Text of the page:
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December 17, 2007
On December 12, 2007, CANYON A. MILES; beloved son of Cristina Smith and Tyree Miles. Friends may visit the family owned MARCH FUNERAL HOME WEST INC., 4300 Wabash Avenue, 410-542-2400, on Tuesday after 1 P.M., where the family will receive friends on Wednesday at 1:30 P.M., at which time funeral services will begin.
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FEATURES
By Timothy B. Wheeler, The Baltimore Sun | August 11, 2014
Seventy miles off Ocean City , scientists aboard the federal research vessel Henry B. Bigelow are exploring a lush underwater landscape that until recently few would have imagined - colorful corals clinging to the rocky slopes of deep-sea canyons. On this and other research cruises, remotely guided submersible cameras have captured scenes of bubblegum corals, sea whips and more growing in the dark, hundreds to thousands of feet below the Atlantic Ocean's surface. Other smaller patches dot the ocean floor in shallower waters closer to shore.
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NEWS
By Anita Finkel and Anita Finkel,Special to The Sun | September 17, 1995
"The Tortilla Curtain," by T. Coraghessan Boyle. New York: Viking, 355 pages. $23.95It says a lot about T. Coraghessan Boyle's new novel that so many generations of great satirists come to mind when reading it -- from Swift to Twain to Waugh to Woody Allen. Boyle specifically evokes Voltaire: "The Tortilla Curtain" presents a pair of protagonists, one rich, one poor; the poor one, a Mexican illegal immigrant is, tellingly, named "Cndido." And by the end, the picaresque adventures of the new Candide - woeful, well-intentioned, unbelievably unlucky - stack up very well indeed alongside the revered 18th-century predecessor.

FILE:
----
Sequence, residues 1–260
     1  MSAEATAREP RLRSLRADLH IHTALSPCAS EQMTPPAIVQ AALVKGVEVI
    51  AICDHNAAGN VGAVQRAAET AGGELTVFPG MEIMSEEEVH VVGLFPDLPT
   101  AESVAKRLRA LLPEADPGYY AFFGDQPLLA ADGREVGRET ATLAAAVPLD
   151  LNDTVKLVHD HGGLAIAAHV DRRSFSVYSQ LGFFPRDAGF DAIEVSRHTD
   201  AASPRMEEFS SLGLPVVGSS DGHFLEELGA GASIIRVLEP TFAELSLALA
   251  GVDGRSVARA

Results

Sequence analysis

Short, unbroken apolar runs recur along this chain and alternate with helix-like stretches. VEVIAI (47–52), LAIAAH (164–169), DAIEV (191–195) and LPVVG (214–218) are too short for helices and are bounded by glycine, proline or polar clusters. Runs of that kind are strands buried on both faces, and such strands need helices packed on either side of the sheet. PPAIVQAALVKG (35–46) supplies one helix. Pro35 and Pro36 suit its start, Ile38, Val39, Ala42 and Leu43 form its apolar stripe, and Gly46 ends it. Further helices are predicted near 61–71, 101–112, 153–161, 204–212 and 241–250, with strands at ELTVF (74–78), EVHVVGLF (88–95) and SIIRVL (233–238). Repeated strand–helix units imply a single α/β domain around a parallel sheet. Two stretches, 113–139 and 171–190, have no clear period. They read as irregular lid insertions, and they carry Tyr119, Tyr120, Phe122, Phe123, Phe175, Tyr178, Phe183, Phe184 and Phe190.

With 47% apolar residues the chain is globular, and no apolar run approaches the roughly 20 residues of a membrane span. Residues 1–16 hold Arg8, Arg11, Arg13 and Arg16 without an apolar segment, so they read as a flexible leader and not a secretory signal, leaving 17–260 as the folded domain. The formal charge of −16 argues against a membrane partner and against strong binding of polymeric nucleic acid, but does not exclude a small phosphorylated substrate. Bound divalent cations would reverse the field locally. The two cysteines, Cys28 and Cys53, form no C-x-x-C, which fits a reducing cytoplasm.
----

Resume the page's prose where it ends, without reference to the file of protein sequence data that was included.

SPORTS
By Don Markus, The Baltimore Sun | June 22, 2013
When Nik Wallenda attempts to traverse the Grand Canyon some 1,500 feet above the Little Colorado River on Sunday, those watching on television will benefit from the technical expertise of a Maryland-based company that will outfit the 34-year-old self-described "King of the Wire" for his latest midair adventure. Peter Larsson co-founded Broadcast Sports Inc. four years after Wallenda was born and moved from his native Australia, where he and partner John Porter worked for a television station, to Connecticut.
NEWS
By Michael Martinez and Michael Martinez,CHICAGO TRIBUNE | July 1, 2004
RANGE CREEK CANYON, Utah - High in eastern Utah's rocky cliffs, the ruins of an ancient Indian settlement stand in pristine condition, frozen in time for about 1,000 years and virtually untouched by humans. Though locals have known about the tract for decades, it was just yesterday that state officials unveiled what they are calling a national treasure for its unspoiled condition and historic significance. The site features skeletal remains, rock burial mounds, arrowheads, beads made of Pacific seashells, pottery fragments, cliffside granaries, collapsed sandstone dwellings, and panels of rock paintings and carvings.
NEWS
December 21, 2003
Americans eat 700 million pounds of peanut butter each year. That's enough to cover the Grand Canyon's entire floor. -- Time magazine
NEWS
By MICHAEL OLESKER | April 23, 1991
The phone has been ringing all morning. The line is backed up to the staircase. The woman signing autographs at the Sweden video store on The Block is wearing something clingy and polka-dotted and everybody can't wait to embrace her."See this guy?" says Sam Greenberg, pointing to a man whose arms are laden with erotica. "He's been in line four times. He's bought the pictures; he's bought the magazines; he's bought the calendar; he's bought the videos. I don't know what else to sell him."He'll come up with something.